Royal Caribbean does not require Covid-19 vaccination to run U.S. cruises

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Oh ship. Get ready for cruise ships with people not vaccinated against Covid-19. That’s what you can see as soon as next month’s Covid-19 coronavirus pandemic is still a public health emergency. Gee, what could possibly go wrong?

Royal Caribbean International has announced plans to begin sailing six of its cruise ships out of South American ports in July and August. The first to sail will be the ship “Freedom of the Seas” off Miami, Florida, on July 2nd. The company had originally required guests 18 years and older to be fully vaccinated against Covid-19 and provide proof of vaccination aboard their ships. However, the cruise ship company has now made a “one boat” face, so to speak. As Taylor Doven reported Miami Herald, The Royal Carribean issued a statement on Friday saying, “Guests are strongly advised to put sails fully vaccinated if they are eligible. Those who have not been vaccinated or are unable to verify vaccination should undergo testing and follow other protocols that will be announced at a later date. ”

Highly recommended is certainly different from required. When you strongly recommend wearing proper clothing for a business meeting, technically speaking, the slingshot mankini is still fair game. But there is an important difference between wearing a slingshot mankini and being fully vaccinated. It is typically quite obvious if someone has a slingshot mankini. After all, rarely can you hear someone ask, “is that person wearing a full suit or just a harness? It’s hard to tell. “On the other hand, you can not really tell if anyone has been vaccinated unless you actually see the person’s Covid-19 Vaccination Record Card and somehow verify that it is not a fake. Once you are on a cruise ship, how can you then tell who should follow additional precautions such as. To wear face masks and become at least 6 feet or a Denzel (because Denzel Washington is about 6 feet tall) away from others?

Why the change in Royal Caribbean policy? Well, here’s what Dolven tweeted:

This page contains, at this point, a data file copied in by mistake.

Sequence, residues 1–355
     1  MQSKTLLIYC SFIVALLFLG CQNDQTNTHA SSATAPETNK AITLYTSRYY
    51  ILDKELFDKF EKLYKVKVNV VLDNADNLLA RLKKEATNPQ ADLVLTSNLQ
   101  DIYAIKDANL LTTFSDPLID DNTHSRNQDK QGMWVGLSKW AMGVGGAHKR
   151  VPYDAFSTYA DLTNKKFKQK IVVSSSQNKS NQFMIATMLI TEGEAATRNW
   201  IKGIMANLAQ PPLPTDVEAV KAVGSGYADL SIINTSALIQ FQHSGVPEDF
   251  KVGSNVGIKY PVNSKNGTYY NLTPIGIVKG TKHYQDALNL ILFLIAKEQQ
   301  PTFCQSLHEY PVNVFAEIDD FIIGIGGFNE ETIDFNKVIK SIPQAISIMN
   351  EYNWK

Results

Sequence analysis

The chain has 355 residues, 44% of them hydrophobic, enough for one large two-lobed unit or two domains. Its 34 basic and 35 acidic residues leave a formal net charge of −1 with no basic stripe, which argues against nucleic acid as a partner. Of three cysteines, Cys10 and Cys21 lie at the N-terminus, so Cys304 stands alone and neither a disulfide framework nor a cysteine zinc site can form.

Apparently, Dolven is referring to Florida Gov. Ron DeSantis, who recently signed a law banning Covid-19 “vaccine passes.” That means on July 1, the Florida state government could fine a cruise ship operator $ 5,000 each time the cruise ship operator requires proof of vaccination to use their services. Assuming you have hundreds or even thousands of people on your cruise ships, a quick calculation with fingers and toes will show that despite this order from the Florida state government, it could quickly put you out of business. So the Florida government is essentially not allowing companies to do anything that can help protect their customers and staff?

Without very high vaccination rates among passengers and crew members, it can be difficult for a cruise ship to prevent the spread of the severe acute respiratory syndrome coronavirus (SARS-CoV2) once the virus has made it on board. After all, huge amounts of open space may not be the first thing you think of when it comes to cruise ships. SARS-CoV2 is still spreading actively in the United States and in different parts of the world. This includes more infectious variants that now have sorority and fraternity-sounding names that I recently covered for Forbes. Therefore, the chances of someone bringing the virus aboard a cruise ship are still quite high.

About half of the U.S. population is now fully vaccinated, meaning many are still unvaccinated. Now it is not clear whether the unvaccinated half may be more or less likely to drive cruise ships. If they are more likely, you could easily end up on a ship where less than half of the passengers are fully vaccinated. Plus, while the Covid-19 vaccine provides strong protection against Covid-19, it is not like a concrete full-body condom (which by the way is not good to wear during sex.) The vaccine is not perfect. You can still get Covid-19 after being fully vaccinated, although your chances are much lower compared to those who have not been vaccinated.

All of this has led to a large number of tweets using the words “petri dish.” E.g:

Think back to February 2020 just before the Covid-19 coronavirus outbreak officially became a pandemic. Where was one of the first places where SARS-CoV2 outbreaks were noticed? Here’s a tip. The answer rhymes with “Tom Cruise lips”, “kangaroo hips” and “too much booze slips.” Yes, cruise ships, as Victoria Forster described Forbes in March 2020.

The new Florida law could leave companies like cruise lines trapped between a rock and a hard place. On the one hand, no companies want to pay out $ 5,000 (equivalent to at least 2,500 hot dogs) per day. Customer just for that. On the other hand, a single Covid-19 coronavirus outbreak could end up costing a cruise ship company a lot, including reputational damage. Requiring passengers to be fully vaccinated would be one of the best ways to prevent an outbreak. It is not great PR to be known as the place where the Covid-19 coronavirus outbreak occurred unless you are specifically running a cruise for viruses who want to have a nice human buffet available. And it could, so to speak, be a real shipping storm.

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